As contractors continue to work towards completion of Wellwood Middle School’s construction and renovations, Fayetteville-Manlius School District officials are finalizing the scope and costs related to the district’s next proposed capital project.
“The 2017 capital project included renovations and new modern spaces for teaching and learning as well as necessary infrastructure work district wide to ensure our buildings continue to be safe and efficient structures,” Superintendent Craig J. Tice said. “For this next project, we are looking at improvements and critical infrastructure needs primarily at F-M High School, a building in which all of our students culminate their K-12 educational journey.”
The F-M Board of Education Facilities Committee has been working with district administrators as well as representatives from the district’s engineering and architecture firms to refine the scope and costs of the next set of capital projects, which will be based on the three priorities of safety, program and infrastructure.
With those priorities in mind, the facilities committee is currently considering the following projects at the high school:
- Expanding the current cafeteria space to accommodate more students and converting it to a two-story multipurpose space that could be used for instruction, extracurricular activities, evening events and serve as a connection point between House 1 and House 2, which were originally built as separate schools and later joined by a second story walkway;
- Enclosing the courtyard near the current cafeteria so it could be used as a secure outdoor eating space as well as an outdoor educational space;
- Consolidating administrative offices, counseling and student services and the nurse’s office into one easily accessible space near the House 1 main entrance;
- Renovating aging House 2 classrooms and creating a small addition so technology classrooms could be relocated to the new space, which would create a wing that would house all science, technology, engineering and mathematics (STEM) classrooms;
- Upgrading the auxiliary gymnasium and wellness center;
- Moving the vehicle entrance driveway closer to the district office building to improve the flow of traffic as the district must incorporate a fire lane around the entire school building;
- Constructing a new central staircase and elevator adjacent to the expanded cafeteria, which would connect the House 1 main entrance to House 2 in order to ease navigation throughout the building;
- Upgrading aging infrastructure that is nearing, or at, the end of its useful life expectancy, such as the heating and ventilation system; and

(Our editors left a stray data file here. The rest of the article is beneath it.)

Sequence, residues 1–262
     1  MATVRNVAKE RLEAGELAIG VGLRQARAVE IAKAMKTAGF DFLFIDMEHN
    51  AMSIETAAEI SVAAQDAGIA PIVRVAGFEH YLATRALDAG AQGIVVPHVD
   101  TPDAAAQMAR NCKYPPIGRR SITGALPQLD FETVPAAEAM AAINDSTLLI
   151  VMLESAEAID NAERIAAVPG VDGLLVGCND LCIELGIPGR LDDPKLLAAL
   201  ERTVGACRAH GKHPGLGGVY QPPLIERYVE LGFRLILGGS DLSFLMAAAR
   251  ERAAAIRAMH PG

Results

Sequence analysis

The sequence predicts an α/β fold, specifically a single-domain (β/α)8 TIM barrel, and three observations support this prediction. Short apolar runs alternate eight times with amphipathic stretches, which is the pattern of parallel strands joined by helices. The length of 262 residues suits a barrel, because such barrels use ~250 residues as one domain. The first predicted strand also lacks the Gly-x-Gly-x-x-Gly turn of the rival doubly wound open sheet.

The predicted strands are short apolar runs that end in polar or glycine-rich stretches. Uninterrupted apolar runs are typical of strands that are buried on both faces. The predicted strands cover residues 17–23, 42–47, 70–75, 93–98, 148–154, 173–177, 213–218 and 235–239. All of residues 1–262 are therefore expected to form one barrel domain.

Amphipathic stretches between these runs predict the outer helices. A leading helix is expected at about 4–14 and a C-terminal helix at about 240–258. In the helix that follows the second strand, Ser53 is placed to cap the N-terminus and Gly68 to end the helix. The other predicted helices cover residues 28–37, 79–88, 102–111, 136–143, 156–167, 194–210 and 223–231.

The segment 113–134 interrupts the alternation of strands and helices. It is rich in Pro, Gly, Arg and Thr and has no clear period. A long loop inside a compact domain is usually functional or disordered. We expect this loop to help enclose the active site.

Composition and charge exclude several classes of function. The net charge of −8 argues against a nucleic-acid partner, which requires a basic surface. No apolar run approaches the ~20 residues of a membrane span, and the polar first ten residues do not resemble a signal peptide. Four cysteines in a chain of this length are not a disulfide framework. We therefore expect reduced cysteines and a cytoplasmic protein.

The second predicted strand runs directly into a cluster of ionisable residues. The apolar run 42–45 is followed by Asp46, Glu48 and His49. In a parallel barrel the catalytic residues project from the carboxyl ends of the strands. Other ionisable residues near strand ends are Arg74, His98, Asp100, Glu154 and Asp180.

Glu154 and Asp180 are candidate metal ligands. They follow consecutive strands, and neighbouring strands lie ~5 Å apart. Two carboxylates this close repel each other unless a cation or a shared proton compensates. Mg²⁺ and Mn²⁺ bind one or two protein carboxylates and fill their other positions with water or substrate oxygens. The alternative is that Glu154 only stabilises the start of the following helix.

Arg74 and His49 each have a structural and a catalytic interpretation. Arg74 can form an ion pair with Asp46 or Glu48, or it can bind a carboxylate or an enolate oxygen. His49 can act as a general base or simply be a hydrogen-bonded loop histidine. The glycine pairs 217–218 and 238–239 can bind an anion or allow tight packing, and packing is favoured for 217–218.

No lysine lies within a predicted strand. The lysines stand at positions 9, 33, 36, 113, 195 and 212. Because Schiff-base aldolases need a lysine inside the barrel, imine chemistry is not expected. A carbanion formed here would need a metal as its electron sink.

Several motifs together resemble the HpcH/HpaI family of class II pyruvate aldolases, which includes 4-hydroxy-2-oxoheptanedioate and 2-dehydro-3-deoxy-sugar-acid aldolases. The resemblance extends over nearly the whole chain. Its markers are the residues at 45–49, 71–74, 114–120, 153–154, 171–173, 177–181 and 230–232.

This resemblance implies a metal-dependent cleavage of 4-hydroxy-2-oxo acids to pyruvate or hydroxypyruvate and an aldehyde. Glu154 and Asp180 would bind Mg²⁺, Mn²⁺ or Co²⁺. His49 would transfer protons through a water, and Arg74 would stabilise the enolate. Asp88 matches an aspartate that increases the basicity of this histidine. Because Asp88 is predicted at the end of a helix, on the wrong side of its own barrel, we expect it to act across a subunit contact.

- Improving indoor air quality and energy efficiencies, replacing deteriorating site work, adding air conditioning to House 2 and upgrading aging electrical and plumbing throughout the building.
The administration and architects updated the F-M Board of Education at its April board meeting on the conceptual plans, which they stressed are still in the early planning stages and could change depending upon the amount of state building aid that would be available for the project.
They expect that the state would reimburse the district for about 80% of construction costs directly related to instruction, and the district also anticipates utilizing a capital reserve that was previously approved by voters to reduce the total amount the district would finance.
The group anticipates having project cost estimates and a final scope ready to present to the full board in June, and they hope to submit in July a conceptual design to the New York State Education Department for review. Depending on how long that review takes, the committee is anticipating that the board could put forth to voters a capital project referendum sometime between mid-October and mid-December.
To minimize the tax impact on residents, the committee is hoping to time the project so any new debt would be realized when debt from previous capital projects would be retired in the 2023-24 and 2024-25 school years.
If voters authorize a project this year, the district anticipates that construction would begin in spring or summer 2023.
“Just like a homeowner, we have to be vigilant about maintaining our buildings,” Tice said. “School buildings age and mechanical systems begin to fail over time. Taxpayers rely on us to protect the investments they make in our district, and that includes making sure the spaces our students learn in are appropriate to the demands of a 21st century education and that the environment is safe and healthy.”